I missed these guys!! Our class was jam packed! First, we had a lot of Farm News to catch up on. Yesterday, I loaded up the steer into the trailer and drove the two hours to my favorite processor. I estimate that he weight around 1100-1200lbs, and I'm excited to see what the hanging weight will be. I explained to the class the weird abbreviation for pounds: lbs. We calculated up the amount of feed that I was giving to the steer per day, and multiplied it up to see how much total grain was fed. Then, we took the price of 50lb feed bags and figured out the total feed cost. They then added that to the cost of the steer itself (or an average cattle price), and the cost of processing. They all realize now why beef costs so much! I love sneaking in math! We will be doing a lot more math next week!
Next, the class learned about toxins and why it is super important to keep dangerous things (such as moldy hay) away from livestock. We talked about the use of activated charcoal to bind to chemicals in the stomach. Activated charcoal is used in animals and in humans! If someone consumes a poison and has to go to the emergency room, they are often given a lot of activated charcoal. I explained how messy this is to administer to livestock! They then learned about different types of injections and how to lines on a syringe represent mls. We talked about the metric system, and the meanings of deci-, centi-, and milli. They used syringes of different diameters/sizes and sucked up 1ml of colored water. I explained to the class why the skinny syringes had to be almost full, but the fatter syringes barely had to move to suck up the same amount. Volume lesson for the WIN!
Next week, we will be talking about cc's and ml's, weight vs. volume measurements, etc! I told you... I love sneaking math into agriculture lessons! Both classes learned about the need for wormers. Parasites in the grass cause problems with livestock in most every pasture. Most of the time, the worm load is light, and the animals' bodies can handle it. Sometimes, the worm load is too much for the animals and they need to be given a wormer. The classes learned about wormers that are given as liquid, paste, and by injection. This led to an awesome lesson about the three states of matter: liquid, solid, and gas! We were able to give our donkey her paste wormer and the goats their oral liquid wormer. The kids learned a lot AND were a big help!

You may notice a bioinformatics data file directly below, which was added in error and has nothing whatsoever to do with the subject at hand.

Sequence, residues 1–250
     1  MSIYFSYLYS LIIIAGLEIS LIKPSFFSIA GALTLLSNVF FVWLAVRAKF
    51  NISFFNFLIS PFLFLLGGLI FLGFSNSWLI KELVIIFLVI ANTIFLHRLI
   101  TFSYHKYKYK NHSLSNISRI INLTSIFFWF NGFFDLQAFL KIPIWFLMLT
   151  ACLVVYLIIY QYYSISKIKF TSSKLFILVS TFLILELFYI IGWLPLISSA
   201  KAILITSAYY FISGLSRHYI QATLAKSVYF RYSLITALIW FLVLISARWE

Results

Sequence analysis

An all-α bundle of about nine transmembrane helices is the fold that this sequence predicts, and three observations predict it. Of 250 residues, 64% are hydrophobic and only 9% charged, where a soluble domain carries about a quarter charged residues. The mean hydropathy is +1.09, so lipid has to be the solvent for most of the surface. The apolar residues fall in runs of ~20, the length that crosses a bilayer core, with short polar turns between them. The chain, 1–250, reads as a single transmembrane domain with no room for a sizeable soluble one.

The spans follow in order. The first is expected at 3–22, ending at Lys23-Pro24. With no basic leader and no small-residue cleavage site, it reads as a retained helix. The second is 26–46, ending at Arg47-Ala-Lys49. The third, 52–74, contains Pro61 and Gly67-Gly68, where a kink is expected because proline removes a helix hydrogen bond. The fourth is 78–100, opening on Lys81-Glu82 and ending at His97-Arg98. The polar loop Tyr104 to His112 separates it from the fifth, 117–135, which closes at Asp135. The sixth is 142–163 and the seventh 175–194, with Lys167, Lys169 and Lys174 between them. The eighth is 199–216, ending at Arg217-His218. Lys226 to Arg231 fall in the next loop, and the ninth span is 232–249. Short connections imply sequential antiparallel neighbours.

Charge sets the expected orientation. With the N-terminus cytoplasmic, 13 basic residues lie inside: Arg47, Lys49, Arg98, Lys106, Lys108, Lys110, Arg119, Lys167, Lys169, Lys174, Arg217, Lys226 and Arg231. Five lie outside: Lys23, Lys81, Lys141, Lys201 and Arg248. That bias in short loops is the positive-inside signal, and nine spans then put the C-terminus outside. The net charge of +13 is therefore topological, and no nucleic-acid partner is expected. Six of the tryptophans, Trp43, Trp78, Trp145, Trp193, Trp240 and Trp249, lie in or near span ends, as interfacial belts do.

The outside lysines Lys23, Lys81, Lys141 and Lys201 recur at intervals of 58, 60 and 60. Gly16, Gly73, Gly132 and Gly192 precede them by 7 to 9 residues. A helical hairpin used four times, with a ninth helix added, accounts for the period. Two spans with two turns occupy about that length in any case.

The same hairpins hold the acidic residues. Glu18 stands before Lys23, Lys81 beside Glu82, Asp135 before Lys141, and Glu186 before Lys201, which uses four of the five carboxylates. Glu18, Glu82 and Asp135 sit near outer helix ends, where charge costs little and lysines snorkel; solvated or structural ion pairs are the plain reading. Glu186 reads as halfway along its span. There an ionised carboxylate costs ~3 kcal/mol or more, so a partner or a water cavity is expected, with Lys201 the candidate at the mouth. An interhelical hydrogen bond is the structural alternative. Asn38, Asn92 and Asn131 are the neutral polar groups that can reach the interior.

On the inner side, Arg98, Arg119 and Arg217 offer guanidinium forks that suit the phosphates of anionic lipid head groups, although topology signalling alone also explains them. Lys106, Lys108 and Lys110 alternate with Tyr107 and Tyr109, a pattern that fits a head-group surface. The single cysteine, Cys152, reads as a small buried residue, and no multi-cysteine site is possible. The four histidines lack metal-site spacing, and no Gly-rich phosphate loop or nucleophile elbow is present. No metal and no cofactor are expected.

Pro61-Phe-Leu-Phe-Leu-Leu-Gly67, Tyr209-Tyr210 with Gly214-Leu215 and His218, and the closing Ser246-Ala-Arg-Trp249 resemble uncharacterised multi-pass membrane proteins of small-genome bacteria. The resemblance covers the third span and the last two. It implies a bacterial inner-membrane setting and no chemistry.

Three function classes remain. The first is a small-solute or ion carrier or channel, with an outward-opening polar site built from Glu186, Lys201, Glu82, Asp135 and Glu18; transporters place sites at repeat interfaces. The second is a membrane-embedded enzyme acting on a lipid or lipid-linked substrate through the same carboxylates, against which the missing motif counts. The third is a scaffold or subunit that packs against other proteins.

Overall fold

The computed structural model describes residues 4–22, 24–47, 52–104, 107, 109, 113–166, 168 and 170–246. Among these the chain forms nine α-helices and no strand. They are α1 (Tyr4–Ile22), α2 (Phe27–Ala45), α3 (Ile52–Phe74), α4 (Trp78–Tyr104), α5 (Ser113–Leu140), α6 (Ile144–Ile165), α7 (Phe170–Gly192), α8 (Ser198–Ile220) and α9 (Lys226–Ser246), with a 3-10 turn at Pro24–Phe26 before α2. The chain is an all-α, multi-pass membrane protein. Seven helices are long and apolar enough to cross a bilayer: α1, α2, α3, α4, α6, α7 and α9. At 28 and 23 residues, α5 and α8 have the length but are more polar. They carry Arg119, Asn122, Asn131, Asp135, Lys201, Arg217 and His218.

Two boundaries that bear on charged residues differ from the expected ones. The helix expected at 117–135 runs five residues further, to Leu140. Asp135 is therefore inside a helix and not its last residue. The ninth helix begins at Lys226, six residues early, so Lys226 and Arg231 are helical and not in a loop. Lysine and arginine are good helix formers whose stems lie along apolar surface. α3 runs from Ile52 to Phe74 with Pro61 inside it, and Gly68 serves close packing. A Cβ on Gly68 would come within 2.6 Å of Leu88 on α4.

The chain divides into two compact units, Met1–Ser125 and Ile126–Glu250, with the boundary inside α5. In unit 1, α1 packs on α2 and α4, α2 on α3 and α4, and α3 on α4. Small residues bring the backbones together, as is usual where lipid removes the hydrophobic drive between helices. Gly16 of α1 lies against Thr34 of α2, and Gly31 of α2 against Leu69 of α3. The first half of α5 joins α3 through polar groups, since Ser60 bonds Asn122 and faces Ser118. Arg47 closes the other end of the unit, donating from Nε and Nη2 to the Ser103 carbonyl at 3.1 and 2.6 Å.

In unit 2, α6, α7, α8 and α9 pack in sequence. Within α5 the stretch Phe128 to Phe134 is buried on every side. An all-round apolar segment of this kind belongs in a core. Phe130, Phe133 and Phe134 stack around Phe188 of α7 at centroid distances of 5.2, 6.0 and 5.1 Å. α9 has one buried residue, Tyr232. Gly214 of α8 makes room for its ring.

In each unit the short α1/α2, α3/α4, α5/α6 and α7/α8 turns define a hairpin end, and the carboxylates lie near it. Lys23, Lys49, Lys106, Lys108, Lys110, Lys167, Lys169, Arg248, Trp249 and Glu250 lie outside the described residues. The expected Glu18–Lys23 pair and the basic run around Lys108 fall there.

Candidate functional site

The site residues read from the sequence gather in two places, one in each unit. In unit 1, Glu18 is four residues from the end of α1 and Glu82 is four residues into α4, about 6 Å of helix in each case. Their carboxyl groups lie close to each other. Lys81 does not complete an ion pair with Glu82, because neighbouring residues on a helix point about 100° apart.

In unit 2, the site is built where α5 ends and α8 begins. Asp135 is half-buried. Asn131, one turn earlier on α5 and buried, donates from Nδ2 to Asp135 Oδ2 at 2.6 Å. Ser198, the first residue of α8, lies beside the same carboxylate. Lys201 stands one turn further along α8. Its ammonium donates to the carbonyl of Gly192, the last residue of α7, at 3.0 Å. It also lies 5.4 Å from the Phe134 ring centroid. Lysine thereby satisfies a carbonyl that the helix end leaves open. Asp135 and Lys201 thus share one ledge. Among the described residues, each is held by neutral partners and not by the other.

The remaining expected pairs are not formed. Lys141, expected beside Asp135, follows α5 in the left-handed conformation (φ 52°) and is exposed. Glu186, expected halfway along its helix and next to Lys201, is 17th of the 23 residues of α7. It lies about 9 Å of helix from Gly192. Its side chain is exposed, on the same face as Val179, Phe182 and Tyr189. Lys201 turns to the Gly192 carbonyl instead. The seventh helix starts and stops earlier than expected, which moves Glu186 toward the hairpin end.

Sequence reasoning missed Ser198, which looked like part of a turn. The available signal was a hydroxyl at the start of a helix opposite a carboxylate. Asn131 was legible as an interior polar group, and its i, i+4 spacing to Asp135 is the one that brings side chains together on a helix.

As always, we have a constant come and go of animals on the farm. Animals are born, animals are sold, new animals are brought in! During their break, the older class helped me to take pictures of the new bucklings to post on the website's sale page! Later on this year we will talk about animal registration, pet quality animal sales, lineage, and why some animals are more expensive than others.
In art, Ms. Gina taught the class about the CowParade, an international public art exhibit that is features in major cities throughout the world. Fiberglass cow sculptures are given to local artists to paint in their own special way. Then, they are displayed around cities in public spaces such as train stations, important avenues, city squares, and parks for all to enjoy! These sculptures are also auctioned off for charity. They are cows for a cause! Next, the class watched a slideshow of some of the sculptures around the world. The group worked on putting their own spin on a cow. They definitely let their creativity flow!
The younger group read their stories, which could be any farm story at all. As always, they did great, and enjoyed sharing their stories with the class! The older group learned about prepositions before the break, and they worked on a preposition book involving one of our adventurous goats! In their booklet, they used different prepositions to express the funny places that the goat could go! "Ester is on the car." "Tootsie is under the bed." "Lily is walking along the fence." "Blossom got into the feed bag." Those pesky goats get into everything.... perfect for prepositions!